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Nuts jump out early in win

Alan Johnson toed the rubber to start the second inning, finding himself in a very unfamiliar yet comfortable situation.

The Modesto Nuts' pitcher had given up two unearned runs, then relaxed in the dugout to watch his teammates plate five runs in the bottom of the first inning. And there it was — a rare substantial lead early in the game for a Nuts starter.

Johnson shrugged off his team's good fortune and cruised through seven innings in Sunday's 9-2 victory over the Bakersfield Blaze.

"Between starts you see that the team isn't hitting that much," said Johnson (2-1). "But when they do hit you start thinking you want them to save some hits for your start. It is nice to pitch with a lead but you still have to pitch like it's 0-0 and get through the game."

Johnson prolonged the recent hot streak for Nuts starters. Since the Blaze came to town four games ago, Modesto's starters have allowed only two earned runs in 23 innings. Not coincidentally, the Nuts ride a four-game winning streak into tonight's series finale.

"We do have it going," Johnson said. "Maybe it's coaching or a combination of things. But we are making quality pitches, throwing strikes and getting ahead in the count. When you do that you're going to have success."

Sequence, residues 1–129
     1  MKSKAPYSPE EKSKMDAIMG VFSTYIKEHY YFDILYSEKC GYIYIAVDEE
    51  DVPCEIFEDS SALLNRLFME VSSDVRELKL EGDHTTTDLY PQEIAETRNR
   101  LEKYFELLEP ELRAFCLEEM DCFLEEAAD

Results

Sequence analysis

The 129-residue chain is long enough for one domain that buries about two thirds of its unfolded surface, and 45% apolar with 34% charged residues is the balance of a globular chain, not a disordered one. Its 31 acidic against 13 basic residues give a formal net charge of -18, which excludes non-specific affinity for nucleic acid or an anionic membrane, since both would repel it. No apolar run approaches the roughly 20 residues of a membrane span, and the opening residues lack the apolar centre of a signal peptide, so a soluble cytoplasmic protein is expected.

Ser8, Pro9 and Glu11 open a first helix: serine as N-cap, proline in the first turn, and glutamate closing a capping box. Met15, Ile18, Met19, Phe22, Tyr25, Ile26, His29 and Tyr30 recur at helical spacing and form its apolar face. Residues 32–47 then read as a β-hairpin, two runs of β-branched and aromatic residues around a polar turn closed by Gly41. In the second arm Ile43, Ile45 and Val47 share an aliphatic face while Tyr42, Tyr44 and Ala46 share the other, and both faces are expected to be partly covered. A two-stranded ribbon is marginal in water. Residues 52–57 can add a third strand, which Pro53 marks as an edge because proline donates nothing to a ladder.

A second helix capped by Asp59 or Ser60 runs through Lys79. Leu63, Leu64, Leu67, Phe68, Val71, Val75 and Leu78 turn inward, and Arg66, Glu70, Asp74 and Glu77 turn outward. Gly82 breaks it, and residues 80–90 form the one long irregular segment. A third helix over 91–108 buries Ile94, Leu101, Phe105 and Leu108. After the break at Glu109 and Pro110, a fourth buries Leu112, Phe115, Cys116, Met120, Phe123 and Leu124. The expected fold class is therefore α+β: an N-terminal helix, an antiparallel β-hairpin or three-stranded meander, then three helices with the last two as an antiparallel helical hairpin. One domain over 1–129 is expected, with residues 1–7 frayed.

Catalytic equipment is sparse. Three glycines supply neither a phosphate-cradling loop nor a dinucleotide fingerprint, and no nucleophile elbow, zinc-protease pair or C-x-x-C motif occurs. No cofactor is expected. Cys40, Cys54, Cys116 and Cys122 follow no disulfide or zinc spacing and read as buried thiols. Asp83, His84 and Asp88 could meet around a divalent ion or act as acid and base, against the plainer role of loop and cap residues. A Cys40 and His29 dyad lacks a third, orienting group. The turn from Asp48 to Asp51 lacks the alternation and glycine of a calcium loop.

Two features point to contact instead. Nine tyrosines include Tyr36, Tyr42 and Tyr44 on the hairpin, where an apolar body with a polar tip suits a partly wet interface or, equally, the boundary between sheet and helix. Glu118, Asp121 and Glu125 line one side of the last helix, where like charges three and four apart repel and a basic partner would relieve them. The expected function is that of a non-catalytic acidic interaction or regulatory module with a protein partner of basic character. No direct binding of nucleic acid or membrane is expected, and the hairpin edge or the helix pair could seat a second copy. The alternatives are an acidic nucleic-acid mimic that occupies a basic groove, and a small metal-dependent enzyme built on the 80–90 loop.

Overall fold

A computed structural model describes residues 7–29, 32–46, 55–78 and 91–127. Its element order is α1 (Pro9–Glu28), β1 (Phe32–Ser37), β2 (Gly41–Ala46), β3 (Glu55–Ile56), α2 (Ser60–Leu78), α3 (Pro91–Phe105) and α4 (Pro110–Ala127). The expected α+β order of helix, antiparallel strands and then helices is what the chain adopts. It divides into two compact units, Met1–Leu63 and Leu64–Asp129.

Modesto's offensive success also helped the cause. The Nuts got two bunt singles and a walk to load the bases in the first against Blaze starter Michael Schlact (1-1). Jose Valdez chased home two runs on a single, and Neil Wilson followed with a two-run double for a 4-0 lead.

Two pitches later, Schlact delivered a pitch in the dirt that scooted to the backstop. As catcher Brian Valichka searched in vain for the ball, Wilson scored all the way from second base to give the Nuts five runs before they made their first out.

Modesto finished with 15 hits. Eric Young Jr. and Chris Nelson collected three hits apiece, while Wilson had two doubles.

"We need these kinds of games," Nuts manager Jerry Weinstein said. "We're starting to take more competitive at-bats with less over-swinging. Once everybody in the lineup figures that out, it will pay some long-term dividends."

Staked to the lead, Johnson focused on making pitches and working quickly. He allowed only two hits in innings two-through-six and left having allowed seven hits (six singles and a double) with no walks and four strikeouts.

"The Rockies do want us to work fast, and I like to work quick," he said. "It keeps me in the game and helps me stay focused. I know that when I played defense in high school I wanted pitchers to work fast so I could get in to hit."

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